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Object Storage: What’s in a name?

Get under the hood of Caringo Swarm object storage and learn about the three types of objects or streams—Named, Aliased, and Immutable—with VP Product Tony Barbagallo.

Whats In Name
Whats In Name

Caringo Swarm’s unit of content, unsurprisingly, is the object. It isn’t a file technically, as no traditional file systems are used inside of Swarm. File systems simply aren’t robust or fast enough to scale into the hundreds of billions of objects, but as with most technologies, there are tradeoffs. Typically, once an object is written in an object storage environment, if a change is made to that object, it is deleted and re-written. Let’s take a closer look at why.

Physically, an object is stored in Swarm as a simple, contiguous sequence—or stream—of bytes on raw disk. The contiguous stream consists of two parts, data and metadata, that are written strictly once and always remain physically encapsulated together.

Superficially, there may seem to be a contradiction between the fact that a Caringo Swarm object is written out just once in pretty much a single operation and the requirement of being able to update it. Looking under the hood, it’s easily explained why that isn’t actually the case.

Caringo Swarm offers three types of objects or streams—Named, Aliased, and Immutable; they all leverage the same mechanics underneath.

The most basic type is the Immutable object. Using an HTTP POST operation, it is sent to the cluster, stored on disk in replicated or erasure-coded format, and a 128-bit UUID is sent back to the client as a sign of success. Its existence and location is recorded in Swarm’s index journal, as well as in a slot of Swarm’s RAM index itself, comprising about 50 bytes of RAM.

The second object type, Alias, differs from the Immutable object in that it can be updated using an HTTP PUT. Rather than updating or overwriting in place, a new object is written and the existing UUID is “rerouted” to point to it. This additional level of indirection is maintained in the RAM index using an additional RAM slot.

Last but not least, so-called Named objects fully conform to the naming scheme introduced by Amazon AWS for their S3 storage service. Rather than offering a random UUID back to the client application, they allow the application to bring its own name in an HTTP POST-based create operation. Anything that conforms to a standard URL can serve that purpose. There is also one level of container objects, called buckets, which are essentially Named objects themselves, that can group Named objects together by having their name recorded in the contained objects’ metadata.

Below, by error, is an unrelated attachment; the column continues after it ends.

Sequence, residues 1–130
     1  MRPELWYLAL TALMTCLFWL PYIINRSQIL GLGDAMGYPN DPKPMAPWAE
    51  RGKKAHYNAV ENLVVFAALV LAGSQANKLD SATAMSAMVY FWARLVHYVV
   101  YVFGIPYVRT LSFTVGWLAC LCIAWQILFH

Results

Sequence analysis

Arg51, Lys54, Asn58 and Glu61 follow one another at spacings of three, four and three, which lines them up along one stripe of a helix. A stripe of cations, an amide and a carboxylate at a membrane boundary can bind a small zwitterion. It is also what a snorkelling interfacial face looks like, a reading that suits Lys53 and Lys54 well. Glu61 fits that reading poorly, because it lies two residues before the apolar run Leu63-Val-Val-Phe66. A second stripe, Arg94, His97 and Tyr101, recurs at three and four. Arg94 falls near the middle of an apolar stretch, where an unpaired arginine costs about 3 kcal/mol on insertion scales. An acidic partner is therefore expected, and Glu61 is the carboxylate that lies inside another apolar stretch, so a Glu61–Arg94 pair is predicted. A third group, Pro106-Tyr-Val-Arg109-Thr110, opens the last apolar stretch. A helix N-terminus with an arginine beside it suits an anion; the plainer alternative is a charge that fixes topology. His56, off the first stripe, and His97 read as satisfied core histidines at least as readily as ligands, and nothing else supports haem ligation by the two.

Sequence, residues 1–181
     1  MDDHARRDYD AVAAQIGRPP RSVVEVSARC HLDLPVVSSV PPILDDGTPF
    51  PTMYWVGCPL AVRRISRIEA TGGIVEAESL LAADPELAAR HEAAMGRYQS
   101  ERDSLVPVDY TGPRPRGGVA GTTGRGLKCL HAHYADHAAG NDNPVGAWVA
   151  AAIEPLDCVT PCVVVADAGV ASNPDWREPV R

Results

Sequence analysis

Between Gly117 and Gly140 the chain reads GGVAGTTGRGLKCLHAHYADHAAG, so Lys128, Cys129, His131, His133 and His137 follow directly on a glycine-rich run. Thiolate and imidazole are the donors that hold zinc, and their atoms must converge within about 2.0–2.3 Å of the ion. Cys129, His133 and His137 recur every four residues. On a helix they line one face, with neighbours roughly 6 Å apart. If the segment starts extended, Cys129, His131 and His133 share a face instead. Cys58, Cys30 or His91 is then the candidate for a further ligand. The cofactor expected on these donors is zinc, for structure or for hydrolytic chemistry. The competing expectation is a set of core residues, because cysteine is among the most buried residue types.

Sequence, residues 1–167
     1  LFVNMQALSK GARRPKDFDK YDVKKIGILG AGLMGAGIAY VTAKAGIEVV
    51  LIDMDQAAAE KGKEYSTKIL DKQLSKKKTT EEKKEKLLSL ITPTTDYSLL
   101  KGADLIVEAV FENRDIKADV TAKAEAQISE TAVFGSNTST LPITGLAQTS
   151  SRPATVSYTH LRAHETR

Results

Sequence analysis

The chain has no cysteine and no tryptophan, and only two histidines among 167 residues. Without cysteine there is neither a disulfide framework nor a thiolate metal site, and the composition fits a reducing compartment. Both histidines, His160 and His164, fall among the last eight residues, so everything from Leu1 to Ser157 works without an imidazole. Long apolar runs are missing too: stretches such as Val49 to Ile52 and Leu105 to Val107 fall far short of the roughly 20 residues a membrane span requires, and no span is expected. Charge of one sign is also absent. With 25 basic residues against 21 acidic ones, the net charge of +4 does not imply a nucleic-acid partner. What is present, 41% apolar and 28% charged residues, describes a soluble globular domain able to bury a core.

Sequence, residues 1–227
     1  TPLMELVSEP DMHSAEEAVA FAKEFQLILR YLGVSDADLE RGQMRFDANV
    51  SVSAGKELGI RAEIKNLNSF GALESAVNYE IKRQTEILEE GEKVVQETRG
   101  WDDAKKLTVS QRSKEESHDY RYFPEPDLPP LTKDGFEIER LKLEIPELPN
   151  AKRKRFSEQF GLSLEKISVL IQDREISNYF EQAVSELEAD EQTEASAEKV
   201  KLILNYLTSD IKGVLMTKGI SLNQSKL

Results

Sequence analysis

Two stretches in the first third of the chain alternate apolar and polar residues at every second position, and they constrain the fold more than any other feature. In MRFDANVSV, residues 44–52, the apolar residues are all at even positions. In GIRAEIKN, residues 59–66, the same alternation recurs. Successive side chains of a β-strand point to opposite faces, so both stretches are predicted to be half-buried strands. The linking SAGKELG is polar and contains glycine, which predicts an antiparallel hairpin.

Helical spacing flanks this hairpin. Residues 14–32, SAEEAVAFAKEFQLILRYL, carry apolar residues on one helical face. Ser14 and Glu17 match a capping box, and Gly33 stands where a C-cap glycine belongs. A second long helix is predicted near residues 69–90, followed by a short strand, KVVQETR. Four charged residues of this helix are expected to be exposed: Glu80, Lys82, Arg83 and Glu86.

Two of the three objects above are updatable (mutable) and two of the three are identified by UUID (are unnamed):


A Caringo Swarm cluster can have multiple Tenants and associated Domains that can be secured and administered separately as a kind of virtual cluster. Domains in turn contain buckets that contain Named objects, making Caringo Swarm effectively a superset of AWS S3 in that regard. Multi-tenancy is essential to those use cases where different user populations need to be served in fundamentally independent ways.

So what’s in a name? Well…as you can see, a lot. But at Caringo, we work tirelessly to make sure that you don’t need to worry about the mechanics. We provide all of this functionality through a RESTful interface supported by SDKs in all major languages. We also have a team of solutions and integration experts ready to answer your questions. Want to learn more? Then join us for our ‘Object Storage for Developers’ webinar on March 16.

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Tony Barbagallo
Tony Barbagallo

About The CEO

Throughout his 30-year career, Tony Barbagallo has leveraged his extensive experience to establish and grow hardware, software and service organizations. He has held a mix of leadership roles at small and large companies, including VP of Marketing and Product Management at Skyera, WildPackets (now Savvius), and EVault, VP of Marketing and Sales at Dantz (acquired by EMC), and senior management positions at Microsoft, Mentor Graphics, Sun, and GE. He holds a BS in Computer Science from Syracuse University and has also completed the Stanford University Executive Program.

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